Why: Mission; Passion; Burning Desire;
Where: Daring Vision, Strategic Intent,
What: Radical Innovations, Value Innovation; Brand
How: Venture Management, Surprise, Stand Out,
Growth Attitude, Speed
Who: Venture Leader, Venturepreneurial Team,
When: Fast To Market, Relentless Innovation,
8 Attributes of Corporate Success
Peters and Waterman
3 Strategies of
The Importance of Being First-to-Market
Being first in any market category is going to
give you the edge – being the leader comes from being first. It's much
easier to get into the mind of
consumers first that try to convince people you have a better product or
service than the one that did get there first.
Improvements are always made to product/service inventions and
but the first in has a head start. Once you are the leader, a position
mostly gained by being first, it is pretty hard for
competitors to dislodge you, as long as you keep your products up to
date and of comparable
Case in Point
Lessons from Jack Welch
Jack Welch's goal was to make General Electric (GE)
"the world's most competitive enterprise." To achieve this goal, Welch
urged all GE leaders to
business strategy, "Don't ever settle
for mediocrity. They key to stretch is to reach for more than you think is
possible. Don't sell yourself short by thinking that you'll fail."11
Do the best possible
– and then reach beyond. Stretch "essentially means
using dreams to set business targets
– with no real idea of how to get there. If you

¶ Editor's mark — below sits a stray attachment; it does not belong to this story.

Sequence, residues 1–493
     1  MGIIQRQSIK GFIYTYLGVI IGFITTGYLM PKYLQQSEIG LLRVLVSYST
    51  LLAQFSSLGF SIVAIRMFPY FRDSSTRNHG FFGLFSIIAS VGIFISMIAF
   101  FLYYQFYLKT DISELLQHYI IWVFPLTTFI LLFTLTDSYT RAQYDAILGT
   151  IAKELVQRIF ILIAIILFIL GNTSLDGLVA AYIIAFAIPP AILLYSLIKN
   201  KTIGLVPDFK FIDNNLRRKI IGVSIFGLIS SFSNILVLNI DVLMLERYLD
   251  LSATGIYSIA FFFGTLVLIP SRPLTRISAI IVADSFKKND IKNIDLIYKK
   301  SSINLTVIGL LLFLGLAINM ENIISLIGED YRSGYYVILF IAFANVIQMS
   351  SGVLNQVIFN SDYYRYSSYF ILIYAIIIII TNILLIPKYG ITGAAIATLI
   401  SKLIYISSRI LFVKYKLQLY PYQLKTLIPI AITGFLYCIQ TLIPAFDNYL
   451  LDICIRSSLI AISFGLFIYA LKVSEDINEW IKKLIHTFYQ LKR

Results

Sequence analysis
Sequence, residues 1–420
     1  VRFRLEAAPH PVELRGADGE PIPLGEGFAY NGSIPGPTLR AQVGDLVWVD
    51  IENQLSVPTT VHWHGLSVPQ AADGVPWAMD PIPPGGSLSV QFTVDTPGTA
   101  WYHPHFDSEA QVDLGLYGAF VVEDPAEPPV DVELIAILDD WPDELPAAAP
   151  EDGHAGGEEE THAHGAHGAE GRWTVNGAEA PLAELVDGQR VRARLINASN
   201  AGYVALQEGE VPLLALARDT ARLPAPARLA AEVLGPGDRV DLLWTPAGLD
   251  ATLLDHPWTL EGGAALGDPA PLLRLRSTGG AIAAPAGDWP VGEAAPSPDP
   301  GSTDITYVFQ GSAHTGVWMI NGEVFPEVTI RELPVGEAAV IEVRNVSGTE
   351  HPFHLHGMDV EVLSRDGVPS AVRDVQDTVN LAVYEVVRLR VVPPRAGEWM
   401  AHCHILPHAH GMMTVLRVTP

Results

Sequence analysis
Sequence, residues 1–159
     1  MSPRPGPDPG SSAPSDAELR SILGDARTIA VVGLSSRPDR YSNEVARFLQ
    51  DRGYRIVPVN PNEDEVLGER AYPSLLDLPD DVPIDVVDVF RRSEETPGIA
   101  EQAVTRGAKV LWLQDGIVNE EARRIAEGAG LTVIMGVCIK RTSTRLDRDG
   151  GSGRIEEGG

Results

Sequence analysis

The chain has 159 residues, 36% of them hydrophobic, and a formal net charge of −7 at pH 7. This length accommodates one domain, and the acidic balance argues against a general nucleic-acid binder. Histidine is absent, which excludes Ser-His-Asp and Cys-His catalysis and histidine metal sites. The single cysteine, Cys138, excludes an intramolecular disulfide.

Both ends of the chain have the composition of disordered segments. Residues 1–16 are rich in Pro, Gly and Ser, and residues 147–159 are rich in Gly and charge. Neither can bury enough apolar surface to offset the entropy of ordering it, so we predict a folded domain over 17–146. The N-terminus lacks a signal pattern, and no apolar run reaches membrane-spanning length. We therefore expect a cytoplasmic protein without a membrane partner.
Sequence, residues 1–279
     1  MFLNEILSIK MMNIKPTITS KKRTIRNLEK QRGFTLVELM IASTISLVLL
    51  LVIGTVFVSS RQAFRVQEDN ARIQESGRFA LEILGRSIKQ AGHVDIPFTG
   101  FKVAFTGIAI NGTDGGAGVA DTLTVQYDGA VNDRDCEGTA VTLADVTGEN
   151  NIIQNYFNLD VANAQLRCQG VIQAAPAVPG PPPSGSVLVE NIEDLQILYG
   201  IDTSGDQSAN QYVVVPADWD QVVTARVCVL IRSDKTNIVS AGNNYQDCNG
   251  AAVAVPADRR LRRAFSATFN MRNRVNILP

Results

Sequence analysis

do know how to get there – it's not a stretch target."...
The Do-or-die Struggle for Growth
Large companies with strong revenue
growth and high shareholder returns not only execute well but also
compete in the right sectors or segments at the right times.
Top-line growth is vital because companies that don't increase
their revenues run out of ways to drive their earnings and risk
For companies aspiring to grow, where
to compete is just as important as how. To choose the right
battlegrounds, they must match their
capabilities with sectors where profitable growth is likely to
Companies that have systematically
lagged behind the competition should
carefully consider their options.
In the early 90's, the tech market
"forced" computer companies to cut their advertising budgets.
Dell Inc. saw this as an opportunity.
They threw even more money into
advertising. Since nobody else was
advertising, this made them the only visible computer company.
Computers understood the business cycle and took control of the market
while other companies were letting the market control them.1